Cheers

Monkey spanker
Monkey spanker
1 day ago

Can anyone tell me what the panel things are at the top of the mast. Would be under the radar. Seen them on a type 23 aswell.

Gunbuster
Gunbuster
1 day ago
Reply to  Monkey spanker

It’s where the EW ESM receiving antennas will go. They will be blanked off for now, removed latter and the aerials attached during fit out.

Ron5
Ron5
1 day ago
Reply to  Gunbuster

That only seems to explain some of the cut outs. The large square ones are reminiscent of a CEC fit.

Monkey spanker
Monkey spanker
21 hours ago
Reply to  Gunbuster

Ah. The mysterious world of electronic warfare. Thanks for info

geoff
geoff
1 day ago

Morning Gentlemen from a drizzly Durban. Great shots George-she is starting to look like the real thing! With just 17 escorts available, the only way to boost numbers would seem to be a. speed up the build b. increase the order c. retain some of the last build Type 23’s in service as the 26’s join the fleet. Were we not told that the escort numbers would be boosted to 24? How will that be achieved?

Jon
Jon
1 day ago
Reply to  geoff

5 Type 31, 5 Type 32, 8 Type 26, 6 Type 45

T31 and T32 are currently planned to be “general purpose”, and until/unless they are made more capable, fitted with as well as for, 8 ASW and 6 AAW will remain the rather lonely targets.

Last edited 1 day ago by Jon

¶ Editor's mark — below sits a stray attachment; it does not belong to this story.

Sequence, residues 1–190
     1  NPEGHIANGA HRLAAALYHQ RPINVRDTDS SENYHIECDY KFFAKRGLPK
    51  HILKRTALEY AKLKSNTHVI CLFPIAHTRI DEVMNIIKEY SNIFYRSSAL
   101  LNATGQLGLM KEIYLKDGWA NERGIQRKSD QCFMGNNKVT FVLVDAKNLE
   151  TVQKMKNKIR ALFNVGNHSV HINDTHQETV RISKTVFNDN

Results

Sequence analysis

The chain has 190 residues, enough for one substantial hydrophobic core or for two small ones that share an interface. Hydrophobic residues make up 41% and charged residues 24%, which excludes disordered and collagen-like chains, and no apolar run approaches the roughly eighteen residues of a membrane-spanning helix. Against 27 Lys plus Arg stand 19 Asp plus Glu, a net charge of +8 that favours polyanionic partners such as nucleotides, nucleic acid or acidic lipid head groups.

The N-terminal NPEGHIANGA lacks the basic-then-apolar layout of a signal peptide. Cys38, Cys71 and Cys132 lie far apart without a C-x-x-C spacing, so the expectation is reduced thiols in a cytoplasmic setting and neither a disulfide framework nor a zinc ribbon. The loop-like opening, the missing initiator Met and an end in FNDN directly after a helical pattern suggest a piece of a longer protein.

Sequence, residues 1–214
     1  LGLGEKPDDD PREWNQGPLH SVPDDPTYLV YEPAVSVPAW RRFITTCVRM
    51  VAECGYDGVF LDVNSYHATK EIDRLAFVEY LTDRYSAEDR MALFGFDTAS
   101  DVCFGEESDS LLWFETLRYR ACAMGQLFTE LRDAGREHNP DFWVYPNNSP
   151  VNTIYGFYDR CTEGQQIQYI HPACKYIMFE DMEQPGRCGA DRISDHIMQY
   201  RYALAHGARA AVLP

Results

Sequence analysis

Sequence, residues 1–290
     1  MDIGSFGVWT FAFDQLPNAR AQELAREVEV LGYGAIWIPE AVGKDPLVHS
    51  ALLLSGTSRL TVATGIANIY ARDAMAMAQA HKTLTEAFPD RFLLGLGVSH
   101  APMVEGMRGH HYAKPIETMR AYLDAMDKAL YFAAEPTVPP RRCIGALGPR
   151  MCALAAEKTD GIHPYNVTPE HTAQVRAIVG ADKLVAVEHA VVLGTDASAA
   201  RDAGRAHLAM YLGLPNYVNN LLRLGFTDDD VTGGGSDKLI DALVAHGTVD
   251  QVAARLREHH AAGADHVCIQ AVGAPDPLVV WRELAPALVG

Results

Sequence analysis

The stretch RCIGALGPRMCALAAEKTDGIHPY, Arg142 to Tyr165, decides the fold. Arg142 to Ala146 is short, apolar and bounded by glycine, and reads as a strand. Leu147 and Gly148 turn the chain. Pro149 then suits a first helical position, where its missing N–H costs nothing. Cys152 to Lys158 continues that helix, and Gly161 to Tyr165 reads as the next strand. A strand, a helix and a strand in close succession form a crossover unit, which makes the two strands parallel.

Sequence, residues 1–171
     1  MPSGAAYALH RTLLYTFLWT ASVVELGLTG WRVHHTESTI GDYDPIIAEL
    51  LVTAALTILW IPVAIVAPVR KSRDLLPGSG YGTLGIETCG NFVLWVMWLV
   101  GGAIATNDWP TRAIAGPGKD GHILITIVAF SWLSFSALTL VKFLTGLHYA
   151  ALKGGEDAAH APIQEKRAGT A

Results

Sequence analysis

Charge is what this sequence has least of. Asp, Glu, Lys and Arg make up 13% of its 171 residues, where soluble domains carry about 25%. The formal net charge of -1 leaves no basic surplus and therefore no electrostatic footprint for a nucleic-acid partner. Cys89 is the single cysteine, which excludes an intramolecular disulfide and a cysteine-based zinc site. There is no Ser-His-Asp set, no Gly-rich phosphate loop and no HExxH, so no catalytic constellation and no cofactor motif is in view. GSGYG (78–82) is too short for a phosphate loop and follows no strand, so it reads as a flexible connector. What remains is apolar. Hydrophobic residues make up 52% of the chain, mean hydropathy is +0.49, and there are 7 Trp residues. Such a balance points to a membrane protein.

geoff
geoff
1 day ago
Reply to  Jon

Thanks Jon. That build up will take a decade plus. I was thinking if we wanted to increase numbers sooner then extend the in service life of some of the 23’s. bring in new ships on a one out two new in basis until the 24 or near target is achieved and then retire the remaining 23’s. The current and possibly even smaller number is just not enough.

Last edited 1 day ago by geoff
Jon
Jon
1 day ago
Reply to  geoff

You are right: it’s not enough. But we are budget limited and they are doing the best they can. Renewing the continuous deterrent is sucking a huge slew of money away from other military spend. Unless hell freezes over and the Treasury allows some borrowing (not gonna happen), the only way of building faster is to ditch or delay more expensive ships and build cheaper ones. Retiring T23s earlier won’t give up anywhere near enough money. It’s already too late to postpone/cancel City class batch 2 in favour of cheaper ASW frigates. The MoD would take four years just to… Read more »

Lusty
Lusty
1 day ago
Reply to  geoff

It’s still 18 …for now. 😉 Can’t see them retaining Type 23 for too long, mate. They’ll be retired as their replacements are ready, or thereabouts. I’ve gone into why their retention is folly a few times on here! With that said, over the next few years, we’re going to see an increase in the number of frigate classes actually operated, with T23/26/31/32 all operating alongside each other for a period of time. We won’t have seen that since the late 80s and early 90s! Yeah, the aspiration is 24. We know how that MIGHT/WILL be achieved, but T32 is… Read more »

Last edited 1 day ago by Lusty
Ron5
Ron5
1 day ago
Reply to  Lusty

Kindof depends on whether you think the Type 31 is a credible escort.

I and many inside and outside of the RN, do not.